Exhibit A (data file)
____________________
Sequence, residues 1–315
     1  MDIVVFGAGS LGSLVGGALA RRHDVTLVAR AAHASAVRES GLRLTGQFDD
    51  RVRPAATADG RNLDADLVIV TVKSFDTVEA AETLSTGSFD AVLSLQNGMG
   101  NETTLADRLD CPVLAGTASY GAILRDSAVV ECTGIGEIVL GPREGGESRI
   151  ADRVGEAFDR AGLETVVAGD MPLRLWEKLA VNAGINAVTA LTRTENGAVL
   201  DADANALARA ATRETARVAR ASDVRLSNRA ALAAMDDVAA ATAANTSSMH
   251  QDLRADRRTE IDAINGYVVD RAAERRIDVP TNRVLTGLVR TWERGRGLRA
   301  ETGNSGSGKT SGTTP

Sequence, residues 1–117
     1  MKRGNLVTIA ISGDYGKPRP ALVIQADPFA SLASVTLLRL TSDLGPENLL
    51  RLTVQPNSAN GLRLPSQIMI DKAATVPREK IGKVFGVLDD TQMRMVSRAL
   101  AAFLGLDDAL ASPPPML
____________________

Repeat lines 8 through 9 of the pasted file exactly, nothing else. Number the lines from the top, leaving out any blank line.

   301  ETGNSGSGKT SGTTP

Sequence, residues 1–117